Deborah (my hebrew name and almost my given English name) comes from the same word root as ‘dumbledore’ (dbr) and that root means Word

In John 1 we see that  Jesus is the Living Word.

In the Middle Ages the Bee was used as a symbol of Christ himself.

It all weaves together in the prettiest of tapestries, in God signing “I Am” in the corner of the painting that is my life.

I love bees. And now bees are dying. There are several arguments as to exactly why. The cause is not yet known for certain. But it’s happening and it’s a major concern.

I know it’s trendy to keep chickens, and I can’t fault people for wanting fresh eggs, although I find chickens disgusting. Ideally more folks will start home beekeeping as well. Bees save the planet…kind of like Christ.

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I just logged into GoodReads to mark that I’d started reading Mildred Pierce by James N. Cain.   I’d long ago seen the movie version starring Joan Crawford and didn’t care for the people involved.  It never occurred to me that the film may be based on a novel or that the novel may be very good in spite of the essentially grim characters who people it.    But when Laura Lippmann mentioned offhandedly that the book was “quotidian” I downloaded that sucker from the library.    I adore quotidian stories, because I love the stories of everyday people having every day lives and making it through their everyday battles.   I love Maeve Binchy’s stories where the issue is “how do we earn enough for jam for tea?” and “how shall we brighten this dreary shed in the garden?”    Those are the kinds of stories that hide in the skin of all of us and those conflicts are oddly satisfying to see resolved.    Add to that usual fascination with the beauty of the ordinary the fact that lately I’ve tired of the endless parades of stories about What The King Is Doing Tonight.   All of the top books–and even some of my favourites–are about bloodshed and kingships.  All the conflict is intense and bloody and world-changing.   I was in the mood for some “let’s see how a normal person pays her mortgage”.   And so…quotidian book, here I come.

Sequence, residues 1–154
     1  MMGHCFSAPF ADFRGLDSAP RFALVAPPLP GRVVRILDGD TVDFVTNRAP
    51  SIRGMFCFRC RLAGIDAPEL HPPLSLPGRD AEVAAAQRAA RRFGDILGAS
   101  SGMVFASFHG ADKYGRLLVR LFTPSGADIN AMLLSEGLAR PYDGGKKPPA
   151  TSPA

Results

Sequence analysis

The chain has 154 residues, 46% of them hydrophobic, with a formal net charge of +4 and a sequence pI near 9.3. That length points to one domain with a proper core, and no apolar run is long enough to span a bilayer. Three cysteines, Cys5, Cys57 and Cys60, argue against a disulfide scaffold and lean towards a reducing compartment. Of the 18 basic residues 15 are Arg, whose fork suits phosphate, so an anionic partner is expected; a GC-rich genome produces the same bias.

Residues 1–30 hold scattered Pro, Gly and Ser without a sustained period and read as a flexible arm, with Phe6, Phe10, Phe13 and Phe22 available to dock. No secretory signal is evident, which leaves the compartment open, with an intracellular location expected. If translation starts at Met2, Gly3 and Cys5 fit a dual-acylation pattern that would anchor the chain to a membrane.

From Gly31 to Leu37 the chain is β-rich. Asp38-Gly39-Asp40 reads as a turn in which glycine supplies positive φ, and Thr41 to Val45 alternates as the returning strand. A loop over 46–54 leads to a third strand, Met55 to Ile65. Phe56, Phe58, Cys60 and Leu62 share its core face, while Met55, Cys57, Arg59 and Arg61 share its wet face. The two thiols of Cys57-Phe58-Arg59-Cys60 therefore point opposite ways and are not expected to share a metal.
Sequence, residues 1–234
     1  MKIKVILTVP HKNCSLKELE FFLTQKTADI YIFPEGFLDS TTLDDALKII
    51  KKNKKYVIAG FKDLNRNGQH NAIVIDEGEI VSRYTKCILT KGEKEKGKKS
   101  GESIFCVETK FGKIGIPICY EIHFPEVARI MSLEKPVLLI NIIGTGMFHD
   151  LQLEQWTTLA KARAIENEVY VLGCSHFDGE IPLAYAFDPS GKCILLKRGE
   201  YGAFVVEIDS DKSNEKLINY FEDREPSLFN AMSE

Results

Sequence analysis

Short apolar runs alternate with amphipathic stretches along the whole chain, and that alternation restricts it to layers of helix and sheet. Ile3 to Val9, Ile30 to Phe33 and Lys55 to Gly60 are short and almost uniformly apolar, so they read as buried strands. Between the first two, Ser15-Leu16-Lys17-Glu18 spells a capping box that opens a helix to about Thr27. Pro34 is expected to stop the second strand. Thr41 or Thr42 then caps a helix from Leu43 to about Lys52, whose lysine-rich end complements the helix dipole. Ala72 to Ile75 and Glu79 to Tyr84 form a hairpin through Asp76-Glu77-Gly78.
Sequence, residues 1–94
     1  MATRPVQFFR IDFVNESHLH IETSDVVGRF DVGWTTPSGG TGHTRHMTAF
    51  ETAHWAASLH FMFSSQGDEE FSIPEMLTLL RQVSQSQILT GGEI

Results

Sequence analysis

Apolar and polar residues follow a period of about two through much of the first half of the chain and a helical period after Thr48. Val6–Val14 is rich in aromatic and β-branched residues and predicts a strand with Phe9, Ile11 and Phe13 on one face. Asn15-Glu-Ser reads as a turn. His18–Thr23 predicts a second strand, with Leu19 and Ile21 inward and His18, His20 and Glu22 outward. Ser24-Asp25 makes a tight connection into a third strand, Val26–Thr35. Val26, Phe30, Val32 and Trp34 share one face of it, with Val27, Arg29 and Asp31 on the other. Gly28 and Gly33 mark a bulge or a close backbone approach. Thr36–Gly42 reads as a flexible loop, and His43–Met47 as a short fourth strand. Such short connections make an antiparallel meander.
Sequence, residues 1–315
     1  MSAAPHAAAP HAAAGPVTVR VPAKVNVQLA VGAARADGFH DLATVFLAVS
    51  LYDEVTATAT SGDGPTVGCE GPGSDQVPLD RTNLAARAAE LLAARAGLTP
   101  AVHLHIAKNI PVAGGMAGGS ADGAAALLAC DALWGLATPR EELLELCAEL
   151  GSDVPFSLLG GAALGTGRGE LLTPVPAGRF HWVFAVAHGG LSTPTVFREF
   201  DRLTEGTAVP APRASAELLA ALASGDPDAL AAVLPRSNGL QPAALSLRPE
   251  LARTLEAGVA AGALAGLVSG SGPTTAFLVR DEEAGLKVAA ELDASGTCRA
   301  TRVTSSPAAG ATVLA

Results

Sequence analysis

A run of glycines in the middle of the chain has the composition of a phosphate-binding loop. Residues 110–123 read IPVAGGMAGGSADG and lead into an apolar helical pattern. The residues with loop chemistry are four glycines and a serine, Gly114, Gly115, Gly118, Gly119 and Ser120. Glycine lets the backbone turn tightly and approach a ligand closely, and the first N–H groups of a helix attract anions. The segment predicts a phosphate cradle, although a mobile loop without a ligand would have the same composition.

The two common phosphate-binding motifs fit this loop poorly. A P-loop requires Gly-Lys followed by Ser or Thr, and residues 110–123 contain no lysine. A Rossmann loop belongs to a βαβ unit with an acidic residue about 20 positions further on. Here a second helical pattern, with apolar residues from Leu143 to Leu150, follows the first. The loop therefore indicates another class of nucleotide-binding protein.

I’m about 40% of the way through the story now, and just thought to log it in GoodReads before I forgot altogether.   When I got there I saw that a GR Friend from a Christian Reading Group had given the book two stars.   No explanation was appended; the two stars were all the friend was going to say.  After three years of seeing this person remark upon books, though, I had a fairly good idea what the issue was.   And while this person didn’t address it directly others did.   They didn’t like the book because the characters drink.  The characters get divorced.   The characters have sex outside of marriage.